The Discovery of the Body of Holofernes, tempera on wood, by Sandro Botticelli, ca. 1472, 31 x 25 cm (Galleria degli Uffizi, Florence). The picture was probably created in pendant with The Return of Judith to Bethulia (see picture below); both of them are documented at the end of 16th century in medicean collections. In Renaissance art the biblical story of Judith, the heroine who killed Holofernes, the oppressor of her people, was frequently selected to symbolize liberty and victory on tyranny. The soldiers are standing in dismay around the bed on which the headless body of their commander Holofernes is lying. They had expected to find him in Judith’s arms, who, however, is already hurrying home. When compared to the other painting with Judith, however, the youthful well-formed body we see here presents us with a contradiction: in Judith’s painting, the cut off head of Holofernes has the features of an older bearded man.
The Return of Judith to Bethulia, oil on panel, by Sandro Botticelli, ca. 1472, 31 x 24 cm (Galleria degli Uffizi, Florence). The picture was probably created in pendant with The Discovery of the Body of Holofernes (see picture above). The Biblical tale of Judith, who slew Holofernes, the Assyrian king’s commander-in-chief, because he represented a deadly threat for the Hebrews in Bethulia, was one of the favorite subjects of the Florentine Renaissance. Judith was considered the prototype of female strength, since she alone had summoned up the courage to murder the tyrant. In this painting, Botticelli shows us Judith together with Abra, her maid, the two of them striding out in a well-nigh furious manner. Abra is carrying Holofernes’ severed head on her own head, while Judith has an olive branch in her hand as a symbol of peace, which she is bringing to the Hebrews. Botticelli has succeeded here in capturing both movement and stillness in a unique balance. Judith is pausing a moment in her striding forward to turn towards the observer, self-assured if not without a touch of melancholy.

Between 1475 and 1478 there’s no certain data, with their corresponding dating, about Botticelli’s whereabouts. Some scholars, though, place some of his works in these years. The Madonna and Child with Eight Angels (Raczinsky Tondo) in the Gemäldegalerie in Berlin is easily identifiable with one cited by Vasari in the church of San Salvatore al Monte, near that of San Miniato, in the outskirts of Florence. This painting according to Vasari included eight angels. Indeed, eight teenagers appear as angels, holding lilies in their hands, around the central image of the Madonna with the Child. This work can be considered as one of the first great examples of Botticelli’s Madonnas painted in “tondo“, a style in which Botticelli produced some masterpieces.

Madonna and Child with Eight Angels, tempera on panel, by Sandro Botticelli, ca. 1478, diameter 135 cm (Gemäldegalerie, Berlin). The so-called Raczynski Tondo was named after the private collection of which it was part before being acquired at the end of the 19th century by the Berlin Gemäldegalerie. It is possible that this is the painting that Vasari said hung in the church of San Francesco (now San Salvatore al Monte). There is a strict symmetrical structure to the composition with its life-size figures, and the finely toned down colors are very charming. Surrounded by eight wingless angels, Mary is breastfeeding her Child. There is direct eye contact with the observer, involving him in the intimate scene. The angels are holding lilies, the sign of Mary’s purity, and are engaged in antiphonal singing: while some of them are calmly waiting to start (the group of angels to the left with one of them directly observing the viewer), the others are singing and reverently looking at a hymn book (the group on the right).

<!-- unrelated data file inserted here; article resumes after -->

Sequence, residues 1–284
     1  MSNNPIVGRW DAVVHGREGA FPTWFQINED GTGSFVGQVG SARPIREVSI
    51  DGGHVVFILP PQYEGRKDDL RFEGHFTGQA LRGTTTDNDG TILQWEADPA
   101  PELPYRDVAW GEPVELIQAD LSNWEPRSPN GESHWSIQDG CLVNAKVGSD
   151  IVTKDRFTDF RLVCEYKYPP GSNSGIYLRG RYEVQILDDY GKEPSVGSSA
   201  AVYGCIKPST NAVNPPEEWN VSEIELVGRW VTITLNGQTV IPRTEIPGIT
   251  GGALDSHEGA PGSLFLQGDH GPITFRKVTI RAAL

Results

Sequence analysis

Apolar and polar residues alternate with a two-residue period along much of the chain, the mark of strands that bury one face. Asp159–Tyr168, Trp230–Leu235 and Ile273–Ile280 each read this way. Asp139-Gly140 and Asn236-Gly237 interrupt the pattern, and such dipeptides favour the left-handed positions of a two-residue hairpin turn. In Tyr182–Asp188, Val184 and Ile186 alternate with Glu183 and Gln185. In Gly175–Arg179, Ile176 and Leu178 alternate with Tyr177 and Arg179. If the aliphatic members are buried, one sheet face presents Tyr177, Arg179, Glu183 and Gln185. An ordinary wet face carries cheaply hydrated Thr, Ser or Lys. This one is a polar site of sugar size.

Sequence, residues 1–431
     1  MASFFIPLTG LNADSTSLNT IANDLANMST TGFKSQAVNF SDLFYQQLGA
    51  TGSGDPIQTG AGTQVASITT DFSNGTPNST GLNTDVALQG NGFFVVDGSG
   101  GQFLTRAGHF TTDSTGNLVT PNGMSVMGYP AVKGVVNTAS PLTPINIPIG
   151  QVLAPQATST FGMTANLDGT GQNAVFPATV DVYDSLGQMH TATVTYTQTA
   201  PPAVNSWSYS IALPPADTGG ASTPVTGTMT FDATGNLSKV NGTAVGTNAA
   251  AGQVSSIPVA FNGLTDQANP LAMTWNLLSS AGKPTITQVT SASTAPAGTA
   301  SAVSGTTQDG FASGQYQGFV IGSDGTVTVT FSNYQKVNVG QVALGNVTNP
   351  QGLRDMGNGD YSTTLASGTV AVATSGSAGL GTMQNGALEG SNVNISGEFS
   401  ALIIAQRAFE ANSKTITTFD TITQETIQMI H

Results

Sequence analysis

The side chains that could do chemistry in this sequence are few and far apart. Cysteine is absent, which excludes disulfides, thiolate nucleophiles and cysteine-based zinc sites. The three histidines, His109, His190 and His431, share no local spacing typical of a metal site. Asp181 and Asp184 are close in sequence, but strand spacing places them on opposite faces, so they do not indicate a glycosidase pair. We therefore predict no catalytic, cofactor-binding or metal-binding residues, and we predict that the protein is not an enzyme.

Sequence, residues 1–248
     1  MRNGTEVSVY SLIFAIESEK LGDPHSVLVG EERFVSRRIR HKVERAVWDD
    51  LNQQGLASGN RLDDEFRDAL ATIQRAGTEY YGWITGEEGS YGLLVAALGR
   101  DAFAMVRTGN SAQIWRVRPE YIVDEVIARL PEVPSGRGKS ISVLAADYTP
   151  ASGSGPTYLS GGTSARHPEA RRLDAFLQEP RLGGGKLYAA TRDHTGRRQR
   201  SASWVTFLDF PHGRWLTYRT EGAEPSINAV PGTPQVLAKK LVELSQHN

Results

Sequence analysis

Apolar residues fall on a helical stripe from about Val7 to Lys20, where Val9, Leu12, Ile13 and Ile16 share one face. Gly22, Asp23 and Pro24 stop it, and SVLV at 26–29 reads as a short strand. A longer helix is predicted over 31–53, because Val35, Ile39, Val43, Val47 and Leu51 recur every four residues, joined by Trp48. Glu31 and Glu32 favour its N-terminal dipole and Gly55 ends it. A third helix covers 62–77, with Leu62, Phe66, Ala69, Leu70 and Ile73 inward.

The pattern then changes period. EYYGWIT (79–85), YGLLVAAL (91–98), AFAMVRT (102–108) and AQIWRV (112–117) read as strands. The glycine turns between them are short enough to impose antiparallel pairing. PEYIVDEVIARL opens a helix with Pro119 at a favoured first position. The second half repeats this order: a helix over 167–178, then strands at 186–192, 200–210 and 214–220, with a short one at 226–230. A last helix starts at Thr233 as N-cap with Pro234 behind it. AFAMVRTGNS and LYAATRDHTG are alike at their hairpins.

The drawings for some figures later made in marquetry (intarsia) for the Ducal Palace of Urbino are also attributed to Botticelli, as well as an Apollo and a Pallas Athena, in a portico in the Room of the Angels, in which the Apollo reminds the figure of Mercury of Botticelli’s Spring; while the armed Athena, still fierce in the style of Pollaioulo, may also correspond to the figure of the Athena of the Banner (1475) cited by Vasari as seen in the house of Lorenzo the Magnificent, and that he also described as arising on burning branches, as it can also be seen in the figure of this Athena in the Ducal Palace of Urbino. It is possible that Botticelli sent to this city a drawing that was very similar to the figure he made before for the Medici.

Door with intarsia wood inlaying, ca. 1474, 364 x 210 cm (Palazzo Ducale, Urbino, Italy). The drawing design is attributed to Sandro Botticelli, particularly the figures of Apollo and Pallas Athena on the upper part of the doors.

Other intarsias attributable to drawings prepared by Botticelli are found in the same Ducal palace, as well as those in the studiolo of Duke Federico da Montefeltro, dated 1476. This would undoubtedly constitute a chronological point of reference in Botticcelli’s chronology. If Botticelli traveled to Urbino to carry out these commissions, the contact he most probably had with Piero della Francesca must certainly have been for him a great cultural experience outside of his native Florence, even so though the artistic temperaments of both masters were very different: Piero’s perspective, spatial, severe and impassive; Botticelli’s, on the contrary, hypersensitive, refined and dreamy, of a mobile and often musical artistic line.

And is precisely in musical terms, that Botticelli’s first great masterpiece has been interpreted: The Spring.